Two years ago, Yuzellie Garcia decided to return to school to become the person she needed when she was a child.
I graduated in 2012 and spent a few years not knowing what I wanted to do,” said Ms. Garcia.
But when it finally came time to decide what to do, Ms. Garcia sought purpose and meaning from her childhood experiences. Her upbringing wasn’t easy. She grew up in a single parent household with three siblings. Her mom worked three jobs and struggled to make ends meet. She also experienced sexual and emotional abuse.
I’m studying what I’m studying because of the sexual and emotional abuse I endured. Things like being locked in a dark closet all day and growing up with shame, self-blame and guilt. Thinking it was my fault, and not having anyone there to show me that what was going on wasn’t OK, and it wasn’t my fault,” Ms. Garcia said.
She is currently pursuing her bachelor’s degree in criminal justice; she will be attending Florida State University this summer to study criminology and criminal justice and hopes to use her education to work in the human trafficking field. Her journey has led her to find a very clear purpose — to help children who are struggling with abuse. Children in low-income homes, who may be at risk. Children who may need a mentor like herself.
Ms. Garcia is on the path to fulfilling her goal thanks to the Southwest Florida Women’s Foundation Earn to Learn FL Program. Earn to Learn FL helps low-to-moderate income students earn a higher education with little or no student debt. It’s a simple formula that combines mandatory student savings with financial aid, required financial literacy training and success coaching. Through the program, Ms. Garcia has been able to secure $9,000 to fund her education. She has saved $1,000 of her funds and received an $8,000 match supported by the Southwest Florida Women’s Foundation and local partners like the Southwest Florida Community Foundation.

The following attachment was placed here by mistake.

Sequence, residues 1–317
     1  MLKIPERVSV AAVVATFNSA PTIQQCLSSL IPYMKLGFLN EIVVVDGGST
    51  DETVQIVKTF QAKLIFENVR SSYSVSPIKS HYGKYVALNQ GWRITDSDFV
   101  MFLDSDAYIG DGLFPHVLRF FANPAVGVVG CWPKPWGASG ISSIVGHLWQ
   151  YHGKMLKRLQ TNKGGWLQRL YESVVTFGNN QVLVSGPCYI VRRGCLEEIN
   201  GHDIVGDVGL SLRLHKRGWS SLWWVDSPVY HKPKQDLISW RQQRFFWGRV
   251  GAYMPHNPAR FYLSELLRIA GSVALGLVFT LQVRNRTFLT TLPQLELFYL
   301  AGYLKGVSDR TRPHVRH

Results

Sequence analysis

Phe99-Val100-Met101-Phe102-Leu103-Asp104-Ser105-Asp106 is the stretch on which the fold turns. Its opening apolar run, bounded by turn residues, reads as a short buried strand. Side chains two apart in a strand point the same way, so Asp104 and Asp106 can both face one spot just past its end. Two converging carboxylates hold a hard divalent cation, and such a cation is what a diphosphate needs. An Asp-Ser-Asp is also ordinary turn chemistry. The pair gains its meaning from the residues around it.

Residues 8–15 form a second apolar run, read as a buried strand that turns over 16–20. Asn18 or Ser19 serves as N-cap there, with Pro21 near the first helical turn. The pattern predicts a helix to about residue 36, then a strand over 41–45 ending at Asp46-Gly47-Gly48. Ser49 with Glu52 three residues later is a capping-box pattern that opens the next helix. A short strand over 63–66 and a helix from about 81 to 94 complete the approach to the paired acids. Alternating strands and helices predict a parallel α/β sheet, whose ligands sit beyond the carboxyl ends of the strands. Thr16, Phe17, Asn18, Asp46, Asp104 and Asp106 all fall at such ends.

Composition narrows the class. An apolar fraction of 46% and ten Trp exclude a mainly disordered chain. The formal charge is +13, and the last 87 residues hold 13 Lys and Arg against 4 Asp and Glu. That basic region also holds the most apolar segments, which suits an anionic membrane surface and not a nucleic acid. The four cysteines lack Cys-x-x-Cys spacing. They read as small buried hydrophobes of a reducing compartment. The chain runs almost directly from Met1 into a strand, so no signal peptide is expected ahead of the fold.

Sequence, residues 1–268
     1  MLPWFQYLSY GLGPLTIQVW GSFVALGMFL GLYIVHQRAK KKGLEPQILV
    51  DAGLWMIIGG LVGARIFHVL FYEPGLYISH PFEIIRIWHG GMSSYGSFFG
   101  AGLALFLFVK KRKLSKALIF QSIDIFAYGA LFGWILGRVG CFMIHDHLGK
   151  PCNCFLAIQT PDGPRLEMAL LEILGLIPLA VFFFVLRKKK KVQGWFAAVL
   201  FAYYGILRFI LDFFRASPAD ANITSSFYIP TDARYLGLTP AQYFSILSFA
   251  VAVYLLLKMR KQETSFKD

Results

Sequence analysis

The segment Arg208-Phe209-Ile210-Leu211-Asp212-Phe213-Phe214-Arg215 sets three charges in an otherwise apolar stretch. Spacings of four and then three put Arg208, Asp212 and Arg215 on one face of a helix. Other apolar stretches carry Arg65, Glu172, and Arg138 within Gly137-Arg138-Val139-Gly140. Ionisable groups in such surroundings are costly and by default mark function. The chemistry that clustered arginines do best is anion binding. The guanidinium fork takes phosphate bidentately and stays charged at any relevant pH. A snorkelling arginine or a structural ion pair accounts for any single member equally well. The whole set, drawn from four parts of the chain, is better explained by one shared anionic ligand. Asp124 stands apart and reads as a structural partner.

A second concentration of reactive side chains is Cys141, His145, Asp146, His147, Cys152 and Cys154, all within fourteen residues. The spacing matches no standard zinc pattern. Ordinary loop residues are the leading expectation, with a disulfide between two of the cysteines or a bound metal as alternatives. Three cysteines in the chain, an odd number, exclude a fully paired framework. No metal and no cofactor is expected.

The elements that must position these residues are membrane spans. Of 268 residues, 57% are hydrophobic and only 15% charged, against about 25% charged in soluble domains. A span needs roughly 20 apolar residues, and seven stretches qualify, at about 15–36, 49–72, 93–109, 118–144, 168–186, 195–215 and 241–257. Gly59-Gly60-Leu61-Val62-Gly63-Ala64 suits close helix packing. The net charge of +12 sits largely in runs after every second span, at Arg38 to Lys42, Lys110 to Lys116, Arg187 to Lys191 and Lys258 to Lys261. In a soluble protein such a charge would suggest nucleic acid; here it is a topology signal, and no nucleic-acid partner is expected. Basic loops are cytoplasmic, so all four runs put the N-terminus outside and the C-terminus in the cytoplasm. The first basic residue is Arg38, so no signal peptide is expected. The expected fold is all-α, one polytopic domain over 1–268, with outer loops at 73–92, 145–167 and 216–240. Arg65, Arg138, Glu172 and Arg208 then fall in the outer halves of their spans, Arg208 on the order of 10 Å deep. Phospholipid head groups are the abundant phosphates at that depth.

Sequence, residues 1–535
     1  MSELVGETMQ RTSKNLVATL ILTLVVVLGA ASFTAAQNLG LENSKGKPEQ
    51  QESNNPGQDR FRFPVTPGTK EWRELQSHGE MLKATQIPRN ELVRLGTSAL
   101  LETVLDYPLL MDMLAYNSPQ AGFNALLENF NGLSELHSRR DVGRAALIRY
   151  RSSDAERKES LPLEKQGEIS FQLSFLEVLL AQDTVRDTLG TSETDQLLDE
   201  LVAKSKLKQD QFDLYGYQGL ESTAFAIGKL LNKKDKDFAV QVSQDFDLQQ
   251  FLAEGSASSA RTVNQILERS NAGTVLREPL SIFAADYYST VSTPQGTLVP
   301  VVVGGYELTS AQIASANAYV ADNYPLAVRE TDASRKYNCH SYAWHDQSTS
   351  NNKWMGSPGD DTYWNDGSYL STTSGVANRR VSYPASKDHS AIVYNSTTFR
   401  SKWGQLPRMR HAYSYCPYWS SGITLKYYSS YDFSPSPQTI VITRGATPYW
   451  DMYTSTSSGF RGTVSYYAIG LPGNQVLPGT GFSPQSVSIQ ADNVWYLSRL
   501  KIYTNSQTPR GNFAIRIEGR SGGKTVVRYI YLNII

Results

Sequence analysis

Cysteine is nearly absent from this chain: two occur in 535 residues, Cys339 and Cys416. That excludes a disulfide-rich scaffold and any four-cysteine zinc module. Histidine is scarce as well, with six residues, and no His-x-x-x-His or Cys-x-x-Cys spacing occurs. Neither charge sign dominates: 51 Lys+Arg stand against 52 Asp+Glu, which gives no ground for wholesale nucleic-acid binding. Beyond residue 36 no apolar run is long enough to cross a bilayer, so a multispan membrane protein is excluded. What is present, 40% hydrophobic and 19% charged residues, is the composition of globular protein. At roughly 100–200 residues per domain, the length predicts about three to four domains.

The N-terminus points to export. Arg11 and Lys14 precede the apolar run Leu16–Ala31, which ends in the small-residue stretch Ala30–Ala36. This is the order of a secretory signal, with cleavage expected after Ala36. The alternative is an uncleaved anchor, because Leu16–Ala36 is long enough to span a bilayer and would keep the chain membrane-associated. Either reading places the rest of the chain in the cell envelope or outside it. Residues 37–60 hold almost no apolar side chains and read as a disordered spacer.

“The Earn to Learn experience has been amazing; it’s so easy. The application was very fast. The lengthiest thing was the financial literacy course, but that was helpful. It wasn’t something that you would dread to do. The Women’s Foundation worked with me and my circumstances,” said Ms. Garcia.
For students like Ms. Garcia, education is much more than a simple degree. It’s a way to serve and fulfill their purpose. To pay it forward so that future generations have the opportunity to thrive.
June 21, 2018 is the longest day of the year and the day set aside by the Alzheimer’s Association to show love for those affected by Alzheimer’s disease. The truth is, every day can be the longest day for women who carry the responsibility of lovingly caring for a person with any type of disability.